Linkedin pro­file should job hunt for you

Lesotho Times - - Jobs & Tenders -

LINKEDIN: it’s the so­cial me­dia plat­form where you make your­self look at­trac­tive and in­ter­est­ing through your ed­u­ca­tion, skills and work ex­pe­ri­ence, in­stead of your sta­tus up­dates, link shares and Instagram-wor­thy travel pho­tos. It’s a net­work cre­ated for pro­fes­sion­als for the pur­pose of help­ing them grow their ca­reers mean­ing­fully.

Linkedin is cat­nip for the pro­fes­sional re­cruit­ing in­dus­try. It’s the go-to re­source they use to snoop on and con­tact po­ten­tial job can­di­dates for the open po­si­tions they are try­ing to fill. And since hav­ing a more com­plete pro­file makes you more vis­i­ble on the Linkedin net­work, fill­ing out your pro­file ef­fec­tively could help you catch the eye of a top re­cruiter.

With that said, here are four tips to get your Linkedin game on the right track.

1. Choose the right photo Just like Face­book, Linkedin al­lows you to add a pro­file photo and im­age ban­ner at the top of your pro­file. Avoid self­ies or grad­u­a­tion pho­tos that most peo­ple use, and in­vest in get­ting a pro­fes­sion­ally taken (or pro­fes­sional-look­ing) pro­file photo in­stead. For the ban­ner, se­lect a land­scape or quote im­age that re­lates to your in­dus­try of choice.

2. Write a com­pelling sum­mary This part of your pro­file is your per­sonal ex­ec­u­tive sum­mary. It’s the one part of your pro­file that show­cases your writ­ing skills and your per­son­al­ity. It’s your pro­file’s softer side, the part that hints to a re­cruiter whether you’d be a good “cul­ture fit” with the or­ga­ni­za­tion, more so than your ex­pe­ri­ence that talks to your spe­cific job qual­i­fi­ca­tions. So give this sum­mary some TLC — write a short over­view of your ex­pe­ri­ence, your pro­fes­sional in­ter­ests and am­bi­tions, as well as what you can of­fer po­ten­tial em­ploy­ers.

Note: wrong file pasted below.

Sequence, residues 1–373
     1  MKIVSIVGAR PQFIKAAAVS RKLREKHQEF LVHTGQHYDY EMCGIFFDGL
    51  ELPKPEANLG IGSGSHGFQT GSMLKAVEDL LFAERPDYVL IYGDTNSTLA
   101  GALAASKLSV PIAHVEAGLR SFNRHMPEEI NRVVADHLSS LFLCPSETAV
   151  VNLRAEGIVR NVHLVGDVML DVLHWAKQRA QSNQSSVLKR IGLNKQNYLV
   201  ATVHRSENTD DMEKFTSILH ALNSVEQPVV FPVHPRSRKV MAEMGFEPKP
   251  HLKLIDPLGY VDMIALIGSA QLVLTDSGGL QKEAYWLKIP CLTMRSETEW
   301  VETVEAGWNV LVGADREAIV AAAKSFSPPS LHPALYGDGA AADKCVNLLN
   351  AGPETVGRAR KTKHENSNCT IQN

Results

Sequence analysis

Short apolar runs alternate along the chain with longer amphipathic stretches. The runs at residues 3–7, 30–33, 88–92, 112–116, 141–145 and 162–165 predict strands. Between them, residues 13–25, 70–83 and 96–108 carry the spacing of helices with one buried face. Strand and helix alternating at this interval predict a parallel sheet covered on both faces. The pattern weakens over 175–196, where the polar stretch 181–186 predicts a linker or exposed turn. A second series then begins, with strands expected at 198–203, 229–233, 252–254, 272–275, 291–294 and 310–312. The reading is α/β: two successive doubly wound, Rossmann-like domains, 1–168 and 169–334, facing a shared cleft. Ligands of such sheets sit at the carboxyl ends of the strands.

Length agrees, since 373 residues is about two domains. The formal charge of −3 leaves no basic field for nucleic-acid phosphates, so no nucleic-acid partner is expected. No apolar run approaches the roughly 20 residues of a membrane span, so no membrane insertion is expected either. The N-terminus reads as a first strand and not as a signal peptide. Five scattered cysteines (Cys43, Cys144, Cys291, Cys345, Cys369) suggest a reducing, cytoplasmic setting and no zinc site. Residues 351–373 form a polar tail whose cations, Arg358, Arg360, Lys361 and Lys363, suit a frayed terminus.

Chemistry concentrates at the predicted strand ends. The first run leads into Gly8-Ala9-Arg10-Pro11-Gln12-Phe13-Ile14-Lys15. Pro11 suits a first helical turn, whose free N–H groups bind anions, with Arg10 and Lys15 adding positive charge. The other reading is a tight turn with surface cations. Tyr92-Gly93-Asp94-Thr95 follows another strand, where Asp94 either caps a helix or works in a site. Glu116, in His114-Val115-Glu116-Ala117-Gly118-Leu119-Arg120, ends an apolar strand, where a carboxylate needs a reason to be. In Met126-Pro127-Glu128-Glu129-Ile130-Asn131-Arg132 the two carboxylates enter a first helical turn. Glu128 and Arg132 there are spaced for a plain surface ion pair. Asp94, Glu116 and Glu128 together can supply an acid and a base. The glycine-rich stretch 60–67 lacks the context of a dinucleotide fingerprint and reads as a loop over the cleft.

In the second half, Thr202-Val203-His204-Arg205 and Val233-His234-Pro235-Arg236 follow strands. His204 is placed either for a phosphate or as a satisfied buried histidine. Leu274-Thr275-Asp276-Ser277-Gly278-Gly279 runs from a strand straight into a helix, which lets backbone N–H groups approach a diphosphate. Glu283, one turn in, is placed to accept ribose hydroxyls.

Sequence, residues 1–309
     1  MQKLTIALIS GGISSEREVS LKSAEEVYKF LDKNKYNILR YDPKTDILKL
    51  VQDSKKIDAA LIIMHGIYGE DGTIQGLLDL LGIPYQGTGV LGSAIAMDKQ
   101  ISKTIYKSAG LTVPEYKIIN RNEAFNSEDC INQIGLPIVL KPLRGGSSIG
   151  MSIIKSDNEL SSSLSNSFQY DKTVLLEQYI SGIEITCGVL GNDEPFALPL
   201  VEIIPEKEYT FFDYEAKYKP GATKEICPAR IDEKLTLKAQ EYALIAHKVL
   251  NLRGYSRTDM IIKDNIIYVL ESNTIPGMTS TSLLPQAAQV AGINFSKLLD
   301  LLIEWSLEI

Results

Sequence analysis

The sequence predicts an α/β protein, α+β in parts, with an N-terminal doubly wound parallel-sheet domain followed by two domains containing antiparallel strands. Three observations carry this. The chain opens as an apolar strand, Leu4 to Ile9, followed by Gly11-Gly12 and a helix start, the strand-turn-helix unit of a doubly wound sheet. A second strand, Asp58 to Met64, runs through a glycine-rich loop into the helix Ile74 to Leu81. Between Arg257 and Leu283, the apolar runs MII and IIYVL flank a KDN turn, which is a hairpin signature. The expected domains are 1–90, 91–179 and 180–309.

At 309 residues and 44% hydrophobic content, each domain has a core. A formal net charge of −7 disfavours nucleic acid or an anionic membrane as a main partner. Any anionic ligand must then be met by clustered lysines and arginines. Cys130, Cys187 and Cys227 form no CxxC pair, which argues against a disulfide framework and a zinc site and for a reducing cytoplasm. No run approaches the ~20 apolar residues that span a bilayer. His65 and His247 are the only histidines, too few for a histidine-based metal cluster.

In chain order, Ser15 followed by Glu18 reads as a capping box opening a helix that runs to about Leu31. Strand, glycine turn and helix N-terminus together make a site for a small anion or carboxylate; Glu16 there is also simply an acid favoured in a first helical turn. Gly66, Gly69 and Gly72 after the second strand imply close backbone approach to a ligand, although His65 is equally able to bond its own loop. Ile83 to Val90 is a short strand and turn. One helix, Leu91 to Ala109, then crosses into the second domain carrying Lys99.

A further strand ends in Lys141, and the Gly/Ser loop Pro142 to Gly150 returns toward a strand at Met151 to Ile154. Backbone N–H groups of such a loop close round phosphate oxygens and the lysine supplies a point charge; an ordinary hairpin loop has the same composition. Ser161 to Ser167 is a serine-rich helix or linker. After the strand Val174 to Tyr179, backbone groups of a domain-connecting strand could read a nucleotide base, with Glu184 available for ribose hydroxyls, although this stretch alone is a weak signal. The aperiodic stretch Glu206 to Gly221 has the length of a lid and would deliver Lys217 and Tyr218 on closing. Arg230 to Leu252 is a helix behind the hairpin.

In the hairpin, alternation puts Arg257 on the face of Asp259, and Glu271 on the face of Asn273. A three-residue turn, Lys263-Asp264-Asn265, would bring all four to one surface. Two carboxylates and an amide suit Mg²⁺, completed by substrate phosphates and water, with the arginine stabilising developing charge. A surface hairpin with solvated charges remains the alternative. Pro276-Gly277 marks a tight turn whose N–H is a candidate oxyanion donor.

3. Show off your ex­pe­ri­ence Most peo­ple just copy and paste their re­sumé here, but you can do bet­ter. When fill­ing out your em­ploy­ment his­tory, in­stead of list­ing your du­ties, list your ac­com­plish­ments (that in­di­rectly ex­plain your du­ties). In­clude facts, per­cent­age in­creases, in­creased rev­enue stats and any­thing that will show a fu­ture em­ployer how you’ll add mon­e­tary value to their busi­ness.

Also, make your job his­tory in­ter­ac­tive! Un­der each job ti­tle, you can add a re­lated video, im­age, doc­u­ment, pre­sen­ta­tion and much more. If you’re an event plan­ner, add a video of your last event. If you’re a graphic designer, add sam­ples from your port­fo­lio.

4. Add skills and get en­dorsed This new fea­ture gives your con­nec­tions the op­por­tu­nity to vouch for your var­i­ous skills. Linkedin se­lects the skills it will pro­mote based on your pro­file’s key­words. (Pro tip: Edit that sec­tion by adding the skills you want pro­moted and in the or­der you want them to ap­pear.)

When used right, Linkedin is an on­line ser­vice that can ef­fec­tively help you find a job whether you’re on the hunt or not. By fol­low­ing the tips above, not only will you be­come a Linkedin power-user, you’ll also in­crease your odds of be­ing “dis­cov­ered” by a re­cruiter for a job you didn’t even know was avail­able. It hap­pens more of­ten than you think, so what have you got to lose?

— fi­nan­cial­post

Any pro­file is more ap­peal­ing when a per­son’s face is as­so­ci­ated with it.

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